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Ruth Ellen Gruber
 
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From Rychwal to Belzec

In Poland, a renewal of memory, an attempt to get it right

WorldPublished: 04 July 2014

BELZEC, Poland — Two very different events I attended, hundreds of miles apart, demonstrated the wide range of ways in which the memory of Jews and the Holocaust are commemorated in Poland.

One was a simple grassroots ceremony to dedicate a monument at the site of the destroyed Jewish cemetery in a small town called Rychwal, in central Poland.

The other was a high-level international event marking the tenth anniversary of the dedication of the vast memorial at the site of the Nazi death camp at Belzec, on the Ukrainian border in southeast Poland, where about 500,000 Jews were murdered.

 
 

Man with a mission

Italian pianist revives music created in concentration camps

MusicPublished: 04 October 2012

TRANI, Italy – Francesco Lotoro resurrects the music of the dead.

Since 1991 the Italian pianist has traveled the globe to seek out and bring to light symphonies, songs, sonatas, operas, lullabies, and even jazz riffs that were composed and often performed in Nazi-era concentration camps.

“This music is part of the cultural heritage of humanity,” Lotoro, 48, told an interviewer after a concert in Trani, a port town in southern Italy, that featured surprisingly lively cabaret songs composed in Westerbork in the Netherlands and in Terezin (Theresienstadt) near Prague.

 
 

Italy in transition

As new era begins, an uptick in anti-Semitism

WorldPublished: 02 December 2011

ROME – Crowds on the streets of Rome jeered and cheered late last month when their long-serving, scandal-plagued prime minister, Silvio Berlusconi, stepped down. A choir even sang Handel’s “Hallelujah Chorus” in front of the presidential palace as he handed in his resignation.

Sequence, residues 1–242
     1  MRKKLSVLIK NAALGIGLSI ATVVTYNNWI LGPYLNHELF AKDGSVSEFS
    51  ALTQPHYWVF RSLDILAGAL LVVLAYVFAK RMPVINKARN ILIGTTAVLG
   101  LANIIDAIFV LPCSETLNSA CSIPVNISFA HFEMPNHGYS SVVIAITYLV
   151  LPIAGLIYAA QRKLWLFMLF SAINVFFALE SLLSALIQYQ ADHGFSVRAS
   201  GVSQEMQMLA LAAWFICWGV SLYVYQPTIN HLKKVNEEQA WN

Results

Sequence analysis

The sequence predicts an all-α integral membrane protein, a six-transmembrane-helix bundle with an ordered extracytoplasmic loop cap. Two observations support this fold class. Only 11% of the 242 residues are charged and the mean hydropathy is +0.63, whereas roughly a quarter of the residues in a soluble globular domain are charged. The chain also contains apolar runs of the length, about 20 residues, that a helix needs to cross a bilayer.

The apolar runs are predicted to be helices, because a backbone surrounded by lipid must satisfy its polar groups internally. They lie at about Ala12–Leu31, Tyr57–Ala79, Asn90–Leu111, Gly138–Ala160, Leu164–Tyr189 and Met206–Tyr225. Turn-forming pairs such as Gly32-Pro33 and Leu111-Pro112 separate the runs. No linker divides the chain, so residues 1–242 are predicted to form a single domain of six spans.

Italy’s Jews do not expect Berlusconi’s ouster to have specific repercussions on their community, or on Rome’s close relations with Israel. Indeed for many, these questions are largely secondary to deep-seated concerns over the general impact of the government shake-up as Italy struggles to regain financial footing and restore a tarnished international image.

“Will something change in respect to the Jews?” asked Laura Quercioli Mincer, a Jewish intellectual and university professor. “I didn’t even ask myself this.”

 
 

Europe’s Jewish revival

Is Jewish life in Hungary and Poland sustainable?

Cover Story Published: 07 October 2011

BUDAPEST, Hungary — It is not easy to decipher the complicated trajectory of Jewish life in post-communist Europe.

“There are claims and counterclaims about contemporary European Jewish life,” said Jonathan Boyd, the executive director of London’s Institute for Jewish Policy Research (JPR). “At one end of the spectrum there are reports of a remarkable renaissance of activity; at the other, there is a strong narrative of decline.”

Boyd’s institute recently published a pair of reports written by local researchers in Hungary and Poland that offer a more nuanced view. The reports looked at the development of Jewish life in these two countries since the collapse of communism and examined the challenges their Jewish communities face going forward.

 
 

‘Were there Jews here?’

In Slovakia, strategizing about preserving Jewish past

WorldPublished: 02 September 2011

BRATISLAVA, Slovakia—In 1989, on the eve of the fall of Communism, the American poet Jerome Rothenberg published a powerful series of poems called “Khurbn” that dealt with the impact of the Holocaust on Eastern Europe.

In one section, he recorded conversations he had had in Poland with local people who had little recollection of the flourishing pre-war Jewish presence.